By Other Voices voices@moviecitynews.com

If Manipulative Marketing Keeps Making Money… Why Stop Making Bad Movies?

I recently sat through over two hours of cheesy one-liners, and I’m left wondering whether the 92% favorable rating given to The Avengers by critics on Rotten Tomatoes means they’re all on the studio’s payroll or just didn’t think critically enough. I’m also beyond confused as to why Marvel didn’t hire Jon Favreau, Kenneth Branagh, Joe Johnson or Louis Leterrier – or indeed any director with the genuine talent to tell a story. Joss Whedon has no credibility for this project, and was clearly out of his depth. What a waste – of the studio’s money, and of mine as a frequent moviegoer and shareholder. To mention nothing of the minds of Americans, which this movie will help to further dumb down into thinking that hype and CGI make a “good story” despite grossing $200M opening weekend. But unlike other consumer products, smarter moviegoers can’t “return” their viewing of this movie for a refund.

Let’s begin with the script, which is appallingly low-minded. Even a fast-paced comic- book-hero action movie can and should contain thoughtful, character-revealing dialogue (dialogue meaning more than two sentences per utterance, at least now and then!).    It becomes quickly impossible to care at all about any of these once-special characters, each of whom is reduced to sheer flatness.

Nor is there any discernable armature (moral) – just a vague sense that the movie is flogging to death the platitude of how awesome America is because it’s full of rag-tag teams of really special, gifted people who are destined to save the world from some nebulous evil. The entire plot is, in fact, disconnected and rambling. On the one hand, the movie makes the sweeping assumption that every moviegoer will already know the backstory of the characters (It opens with Loki arriving and being introduced as Loki. End of introduction.) Why not set up each character (as well as the concept of S.H.I.E.L.D) in a way that ties all the prior movies together into this one? But regardless of the lack of backstory and context-setting, the plot is full of outrageously intelligence- insulting turns that are devoid of both logic and human (or superhero) authenticity. Loki plans to use the Hulk against the group – because in a convenient up-ending of logical continuity, the Hulk’s first rage in this movie will be unleashed on anyone and anything around him and be unable to distinguish his friends and enemies. The Black Widow announces that apparently, a blow to the head is sufficient to clear Loki’s magical mind- controlling energy zaps. Loki opens a hole in the sky and randomly brings in Transformers-esque aliens to help him in his feebly articulated quest to “free Earth from freedom”.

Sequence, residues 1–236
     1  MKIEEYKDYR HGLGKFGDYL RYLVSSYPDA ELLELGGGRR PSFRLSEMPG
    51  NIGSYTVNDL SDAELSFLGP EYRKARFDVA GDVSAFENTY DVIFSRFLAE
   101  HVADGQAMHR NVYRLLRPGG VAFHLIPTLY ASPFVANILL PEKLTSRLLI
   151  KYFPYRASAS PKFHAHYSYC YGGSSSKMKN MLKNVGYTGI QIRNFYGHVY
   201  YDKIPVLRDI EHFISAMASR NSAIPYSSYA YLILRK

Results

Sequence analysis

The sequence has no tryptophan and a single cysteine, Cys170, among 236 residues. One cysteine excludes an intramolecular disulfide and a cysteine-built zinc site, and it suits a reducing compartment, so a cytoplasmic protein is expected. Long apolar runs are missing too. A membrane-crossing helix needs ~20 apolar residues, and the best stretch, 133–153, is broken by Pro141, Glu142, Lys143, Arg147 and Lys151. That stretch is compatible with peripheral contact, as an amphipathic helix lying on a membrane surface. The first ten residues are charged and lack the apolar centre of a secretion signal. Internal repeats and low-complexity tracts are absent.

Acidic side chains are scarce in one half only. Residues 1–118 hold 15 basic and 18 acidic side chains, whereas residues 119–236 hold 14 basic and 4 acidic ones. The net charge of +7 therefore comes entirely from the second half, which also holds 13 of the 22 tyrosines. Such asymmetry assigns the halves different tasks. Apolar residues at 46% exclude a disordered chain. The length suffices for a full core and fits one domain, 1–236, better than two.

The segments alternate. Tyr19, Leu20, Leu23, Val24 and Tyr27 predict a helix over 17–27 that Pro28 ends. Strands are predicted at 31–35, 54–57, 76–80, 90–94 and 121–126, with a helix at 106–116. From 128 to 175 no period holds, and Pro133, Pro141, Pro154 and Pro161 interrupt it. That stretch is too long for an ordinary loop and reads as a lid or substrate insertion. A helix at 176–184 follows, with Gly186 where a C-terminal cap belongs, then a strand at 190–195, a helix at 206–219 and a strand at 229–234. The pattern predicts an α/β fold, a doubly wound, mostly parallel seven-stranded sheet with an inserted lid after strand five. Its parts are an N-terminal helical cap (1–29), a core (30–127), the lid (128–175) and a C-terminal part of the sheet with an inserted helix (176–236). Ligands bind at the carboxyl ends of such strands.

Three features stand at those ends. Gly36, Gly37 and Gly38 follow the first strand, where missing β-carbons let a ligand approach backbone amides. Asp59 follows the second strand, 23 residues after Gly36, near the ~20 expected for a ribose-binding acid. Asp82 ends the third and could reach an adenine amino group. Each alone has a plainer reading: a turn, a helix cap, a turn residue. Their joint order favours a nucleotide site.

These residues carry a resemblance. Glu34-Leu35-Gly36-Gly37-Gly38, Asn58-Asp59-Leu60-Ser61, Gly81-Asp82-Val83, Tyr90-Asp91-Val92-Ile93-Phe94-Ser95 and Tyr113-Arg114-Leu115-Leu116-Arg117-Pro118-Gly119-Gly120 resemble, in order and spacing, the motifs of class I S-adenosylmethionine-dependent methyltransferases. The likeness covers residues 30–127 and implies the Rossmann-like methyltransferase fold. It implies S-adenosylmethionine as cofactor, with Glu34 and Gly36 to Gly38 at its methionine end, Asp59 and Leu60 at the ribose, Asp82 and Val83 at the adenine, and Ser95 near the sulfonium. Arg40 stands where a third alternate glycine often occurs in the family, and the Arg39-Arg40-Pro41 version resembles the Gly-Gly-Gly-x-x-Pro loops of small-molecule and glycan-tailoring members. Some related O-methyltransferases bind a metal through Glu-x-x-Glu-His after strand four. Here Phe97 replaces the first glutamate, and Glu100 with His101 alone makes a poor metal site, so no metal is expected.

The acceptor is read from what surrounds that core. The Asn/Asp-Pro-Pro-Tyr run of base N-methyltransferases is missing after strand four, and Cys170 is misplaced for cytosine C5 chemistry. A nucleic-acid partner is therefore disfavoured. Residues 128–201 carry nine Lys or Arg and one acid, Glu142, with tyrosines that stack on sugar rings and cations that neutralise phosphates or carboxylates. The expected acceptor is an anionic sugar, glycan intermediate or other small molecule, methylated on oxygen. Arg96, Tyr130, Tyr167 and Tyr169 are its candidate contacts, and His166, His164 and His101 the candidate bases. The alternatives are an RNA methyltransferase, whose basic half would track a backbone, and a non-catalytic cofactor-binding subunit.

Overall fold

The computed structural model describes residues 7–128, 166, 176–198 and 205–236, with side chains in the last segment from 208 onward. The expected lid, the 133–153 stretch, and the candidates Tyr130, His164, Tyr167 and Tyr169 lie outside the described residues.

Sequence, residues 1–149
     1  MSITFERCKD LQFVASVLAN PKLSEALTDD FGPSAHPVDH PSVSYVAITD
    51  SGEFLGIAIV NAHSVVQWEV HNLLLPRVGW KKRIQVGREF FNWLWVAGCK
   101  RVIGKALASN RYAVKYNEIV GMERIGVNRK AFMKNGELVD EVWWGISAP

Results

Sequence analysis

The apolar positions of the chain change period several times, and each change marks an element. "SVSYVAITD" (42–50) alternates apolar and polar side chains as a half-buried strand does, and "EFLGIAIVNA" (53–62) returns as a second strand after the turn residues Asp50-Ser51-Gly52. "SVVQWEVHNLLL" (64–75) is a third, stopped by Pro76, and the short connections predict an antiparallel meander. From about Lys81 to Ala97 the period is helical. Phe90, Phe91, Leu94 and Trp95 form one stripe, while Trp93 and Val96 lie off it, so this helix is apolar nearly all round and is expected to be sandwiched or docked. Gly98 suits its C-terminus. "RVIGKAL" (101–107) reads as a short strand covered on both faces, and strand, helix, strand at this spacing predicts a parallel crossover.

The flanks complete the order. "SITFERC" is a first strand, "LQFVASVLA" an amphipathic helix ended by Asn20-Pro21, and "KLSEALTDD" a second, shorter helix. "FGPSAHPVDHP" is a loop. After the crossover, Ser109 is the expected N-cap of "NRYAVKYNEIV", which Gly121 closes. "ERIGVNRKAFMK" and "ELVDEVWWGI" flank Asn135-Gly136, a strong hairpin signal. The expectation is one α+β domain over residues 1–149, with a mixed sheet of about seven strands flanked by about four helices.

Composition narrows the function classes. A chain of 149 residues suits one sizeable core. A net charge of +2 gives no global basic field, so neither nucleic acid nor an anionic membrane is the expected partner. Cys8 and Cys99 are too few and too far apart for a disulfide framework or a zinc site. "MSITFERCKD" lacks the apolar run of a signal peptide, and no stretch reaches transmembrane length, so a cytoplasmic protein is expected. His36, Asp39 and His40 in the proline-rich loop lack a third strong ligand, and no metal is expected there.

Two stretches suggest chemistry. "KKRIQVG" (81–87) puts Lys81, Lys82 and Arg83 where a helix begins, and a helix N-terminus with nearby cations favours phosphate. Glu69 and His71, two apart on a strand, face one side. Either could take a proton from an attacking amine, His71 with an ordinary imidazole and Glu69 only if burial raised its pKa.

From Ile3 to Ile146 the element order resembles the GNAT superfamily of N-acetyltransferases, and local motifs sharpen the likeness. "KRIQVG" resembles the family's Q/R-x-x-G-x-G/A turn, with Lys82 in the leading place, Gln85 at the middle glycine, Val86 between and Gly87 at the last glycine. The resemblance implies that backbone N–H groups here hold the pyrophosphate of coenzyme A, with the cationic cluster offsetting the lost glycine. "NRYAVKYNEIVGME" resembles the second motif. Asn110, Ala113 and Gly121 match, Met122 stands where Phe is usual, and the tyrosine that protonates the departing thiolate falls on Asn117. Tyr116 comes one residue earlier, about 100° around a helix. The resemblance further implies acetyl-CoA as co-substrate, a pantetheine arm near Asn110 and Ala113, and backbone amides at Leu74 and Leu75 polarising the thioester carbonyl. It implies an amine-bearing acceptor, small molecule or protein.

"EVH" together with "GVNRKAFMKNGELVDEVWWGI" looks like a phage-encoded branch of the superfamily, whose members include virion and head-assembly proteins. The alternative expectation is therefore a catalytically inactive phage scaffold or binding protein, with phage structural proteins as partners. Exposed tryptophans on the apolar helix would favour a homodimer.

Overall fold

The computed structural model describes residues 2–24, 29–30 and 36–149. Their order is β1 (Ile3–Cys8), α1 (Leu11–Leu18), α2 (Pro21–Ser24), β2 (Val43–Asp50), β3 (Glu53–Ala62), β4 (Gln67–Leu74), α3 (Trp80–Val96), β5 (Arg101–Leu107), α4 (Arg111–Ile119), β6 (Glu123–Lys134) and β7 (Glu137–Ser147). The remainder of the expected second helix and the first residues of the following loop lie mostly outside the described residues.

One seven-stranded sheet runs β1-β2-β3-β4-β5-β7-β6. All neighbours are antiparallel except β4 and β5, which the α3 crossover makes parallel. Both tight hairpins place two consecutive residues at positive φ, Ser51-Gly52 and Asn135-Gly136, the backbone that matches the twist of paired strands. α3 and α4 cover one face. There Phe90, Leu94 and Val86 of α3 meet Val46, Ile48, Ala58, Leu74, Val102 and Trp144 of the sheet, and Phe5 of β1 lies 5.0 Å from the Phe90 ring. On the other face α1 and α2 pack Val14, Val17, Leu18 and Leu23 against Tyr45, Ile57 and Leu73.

Kudos to critics like A. O. Scott for telling the truth about this movie and Whedon’s failed vision for The Avengers. Just because people spend their money on something hotly anticipated doesn’t mean it’s good. This movie is a crass manipulation of people to cough up money to cover the studio’s ill-spent investment, and you can keep doing this because moviegoers are not entitled to demand a refund for the waste of two hours of their life. Nor, can they take you to court over product misrepresentation through trailers that set a tone of quality that the feature film doesn’t even begin to reach. Clearly, it’s time for that kind of consumer protection in the movie industry, because failing that it seems unlikely that studios will actually take responsibility for the egregious waste of resources that goes into churning out mediocre movies like The Avengers, let alone the outright duplicity of packaging it as something worthwhile and meaningful.

4 Responses to “If Manipulative Marketing Keeps Making Money… Why Stop Making Bad Movies?”

  1. Dewey says:

    Somebody call the WAAAAAAHmbulance.

  2. Think says:

    Is this The Onion?

  3. Alex McCaffrey says:

    I humbly disagree with most of your critique. Here are some bullets: